Adam Hersperger, Associate Professor of Biology, talks about teaching at Albright College.
Meet Our Faculty: Adam Hersperger
When I was growing up, I remember getting my first microscope and going outside; ants, leaves, I loved it. You start to see the microscopic world and how things work and what they're made of, and that was really neat. When I was in graduate school, I had the opportunity to be teaching assistant. When I was able to start working with the undergraduates, I really fell in love with the idea of being a teacher, and a scholar, and working with students on a day to day basis. I am Adam Hersperger, and I'm an associate professor of biology. My favorite thing about teaching microbiology is to see the students get really excited and interested because it's a very interesting field. The study of bacteria and viruses and parasites, whether it's a medical relevance, say a disease, or even using it for our own benefit in some way to maybe make a vaccine or treatment. There are all kinds of things that you can do with these microbes, and it's a really exciting field. Our majors in biology or bio chemistry, learn primarily two ways in the classroom, which is lecture based. We discuss articles, learn concepts together. And then the other piece would be the laboratory, where they get the hands on experience with the instrumentation, learning the hands on components of what it means to be a scientist, and to analyze data, and to think critically.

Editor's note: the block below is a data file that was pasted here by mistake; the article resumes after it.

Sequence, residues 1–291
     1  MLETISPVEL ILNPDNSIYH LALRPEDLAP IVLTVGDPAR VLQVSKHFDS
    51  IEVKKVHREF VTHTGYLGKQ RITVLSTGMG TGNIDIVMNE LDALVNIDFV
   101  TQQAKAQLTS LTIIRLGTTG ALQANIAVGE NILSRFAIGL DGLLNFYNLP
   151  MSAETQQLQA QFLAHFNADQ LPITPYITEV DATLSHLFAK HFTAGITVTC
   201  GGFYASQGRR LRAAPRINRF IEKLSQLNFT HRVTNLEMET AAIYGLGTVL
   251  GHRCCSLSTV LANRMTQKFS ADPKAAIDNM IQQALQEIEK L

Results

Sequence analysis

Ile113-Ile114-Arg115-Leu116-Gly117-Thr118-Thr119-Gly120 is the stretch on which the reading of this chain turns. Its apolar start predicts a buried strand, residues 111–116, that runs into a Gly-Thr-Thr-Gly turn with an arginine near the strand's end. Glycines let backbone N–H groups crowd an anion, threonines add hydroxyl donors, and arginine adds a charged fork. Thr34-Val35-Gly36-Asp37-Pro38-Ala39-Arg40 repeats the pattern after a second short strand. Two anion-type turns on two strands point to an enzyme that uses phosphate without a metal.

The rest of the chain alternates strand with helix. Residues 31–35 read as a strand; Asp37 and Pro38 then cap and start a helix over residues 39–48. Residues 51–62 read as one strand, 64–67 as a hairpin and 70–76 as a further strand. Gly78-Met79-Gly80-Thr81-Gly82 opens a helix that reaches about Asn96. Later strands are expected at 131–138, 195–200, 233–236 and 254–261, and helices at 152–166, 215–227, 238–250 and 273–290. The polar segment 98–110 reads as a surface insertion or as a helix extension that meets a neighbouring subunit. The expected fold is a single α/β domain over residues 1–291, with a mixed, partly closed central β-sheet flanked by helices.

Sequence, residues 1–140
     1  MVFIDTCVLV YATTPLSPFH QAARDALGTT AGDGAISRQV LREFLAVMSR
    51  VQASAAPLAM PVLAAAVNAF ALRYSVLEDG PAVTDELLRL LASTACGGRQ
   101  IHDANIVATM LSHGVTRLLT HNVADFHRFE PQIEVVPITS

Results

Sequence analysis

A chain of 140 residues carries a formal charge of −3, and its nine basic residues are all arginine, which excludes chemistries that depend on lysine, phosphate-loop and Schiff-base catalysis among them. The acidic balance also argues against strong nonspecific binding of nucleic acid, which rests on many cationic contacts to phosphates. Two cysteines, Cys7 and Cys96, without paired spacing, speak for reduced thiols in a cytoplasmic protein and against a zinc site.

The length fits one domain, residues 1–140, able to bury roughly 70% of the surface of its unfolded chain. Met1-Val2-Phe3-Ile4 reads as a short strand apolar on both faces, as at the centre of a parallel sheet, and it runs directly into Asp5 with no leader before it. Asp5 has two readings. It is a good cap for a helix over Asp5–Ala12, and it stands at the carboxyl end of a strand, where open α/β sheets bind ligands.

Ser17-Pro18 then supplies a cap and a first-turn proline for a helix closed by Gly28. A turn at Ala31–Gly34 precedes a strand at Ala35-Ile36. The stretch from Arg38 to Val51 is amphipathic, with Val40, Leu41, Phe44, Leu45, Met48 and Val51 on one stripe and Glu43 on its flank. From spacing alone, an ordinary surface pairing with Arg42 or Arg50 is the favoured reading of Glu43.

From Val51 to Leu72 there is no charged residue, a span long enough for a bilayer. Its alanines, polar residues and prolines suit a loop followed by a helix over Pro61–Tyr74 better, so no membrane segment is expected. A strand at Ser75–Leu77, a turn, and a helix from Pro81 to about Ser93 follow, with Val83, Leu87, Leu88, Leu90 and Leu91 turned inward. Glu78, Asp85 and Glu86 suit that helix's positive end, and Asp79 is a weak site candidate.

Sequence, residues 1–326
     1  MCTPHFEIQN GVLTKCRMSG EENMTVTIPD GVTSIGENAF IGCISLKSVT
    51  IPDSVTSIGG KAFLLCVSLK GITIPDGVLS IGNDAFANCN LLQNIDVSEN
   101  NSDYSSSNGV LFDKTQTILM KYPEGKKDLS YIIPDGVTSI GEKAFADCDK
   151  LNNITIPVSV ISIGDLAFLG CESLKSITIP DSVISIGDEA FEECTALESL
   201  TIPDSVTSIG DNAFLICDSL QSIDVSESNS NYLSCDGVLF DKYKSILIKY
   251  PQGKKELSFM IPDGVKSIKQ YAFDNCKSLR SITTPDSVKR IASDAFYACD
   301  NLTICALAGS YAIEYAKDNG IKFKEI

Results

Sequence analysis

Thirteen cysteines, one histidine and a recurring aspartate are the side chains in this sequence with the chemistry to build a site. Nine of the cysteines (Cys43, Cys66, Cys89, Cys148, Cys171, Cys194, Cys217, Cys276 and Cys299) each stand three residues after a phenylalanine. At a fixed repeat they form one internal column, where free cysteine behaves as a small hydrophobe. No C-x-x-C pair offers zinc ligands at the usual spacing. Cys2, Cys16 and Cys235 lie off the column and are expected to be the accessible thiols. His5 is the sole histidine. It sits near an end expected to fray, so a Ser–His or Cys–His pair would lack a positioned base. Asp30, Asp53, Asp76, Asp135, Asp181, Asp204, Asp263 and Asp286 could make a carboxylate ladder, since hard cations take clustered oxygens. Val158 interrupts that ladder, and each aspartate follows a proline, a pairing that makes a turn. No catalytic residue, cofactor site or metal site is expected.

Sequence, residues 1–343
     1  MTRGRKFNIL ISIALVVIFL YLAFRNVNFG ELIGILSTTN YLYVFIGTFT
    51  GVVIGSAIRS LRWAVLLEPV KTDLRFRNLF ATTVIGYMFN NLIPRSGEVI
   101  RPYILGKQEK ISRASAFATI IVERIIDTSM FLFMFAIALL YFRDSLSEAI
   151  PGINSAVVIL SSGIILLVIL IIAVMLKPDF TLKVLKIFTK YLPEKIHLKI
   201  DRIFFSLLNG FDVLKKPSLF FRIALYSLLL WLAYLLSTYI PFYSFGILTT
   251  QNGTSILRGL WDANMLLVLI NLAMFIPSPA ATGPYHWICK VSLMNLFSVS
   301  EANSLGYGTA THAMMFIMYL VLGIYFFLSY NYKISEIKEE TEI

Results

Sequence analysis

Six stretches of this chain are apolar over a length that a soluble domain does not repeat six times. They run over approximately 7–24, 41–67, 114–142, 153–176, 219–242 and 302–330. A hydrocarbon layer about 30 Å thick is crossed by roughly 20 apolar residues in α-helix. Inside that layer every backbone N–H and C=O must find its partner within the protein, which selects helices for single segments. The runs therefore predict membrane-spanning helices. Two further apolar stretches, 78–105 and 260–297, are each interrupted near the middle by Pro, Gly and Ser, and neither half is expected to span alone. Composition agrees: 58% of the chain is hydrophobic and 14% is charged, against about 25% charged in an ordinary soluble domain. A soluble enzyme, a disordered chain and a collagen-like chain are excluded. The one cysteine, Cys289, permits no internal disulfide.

My expectation of students when they come to class is that they have done the reading, they've done the homework, and they're prepared to participate in the activities of that day. Whether it's discussing a paper or taking part in a debate, they get the most out of the experience and learn the most when they come prepared. My students take the skills that they learn here and can apply them to opportunities for internships at pharmaceutical companies, biotech firms, hospitals, and major academic research centers. They get a lot of additional hands on and real world experience. When they do these off site internships, I've noticed that students that all bright having gone through the curriculum, gain that experience, and they excel in those other opportunities. One of the advantages, and one reason I love being here is that because of small class sizes, I can identify students who might need encouragement or little extra help along the way. The thing that I tried to do the most is to listen, and ask questions. From the information student gives me I can maybe help them from my own experience to look at this career, or this field, or help guide them to some other office on campus where they can learn that information. It feels great to help the students because that's my goal. That's why I'm here. I think some people have the perception that scientists are boring, and we do mundane things. But we ask interesting questions. We do important stuff. When we generate data or we travel-- We really get to have fun talking about science, and what it means, about our data. So I keep this picture to remind me of what it was like when I first started so I won't lose that passion.
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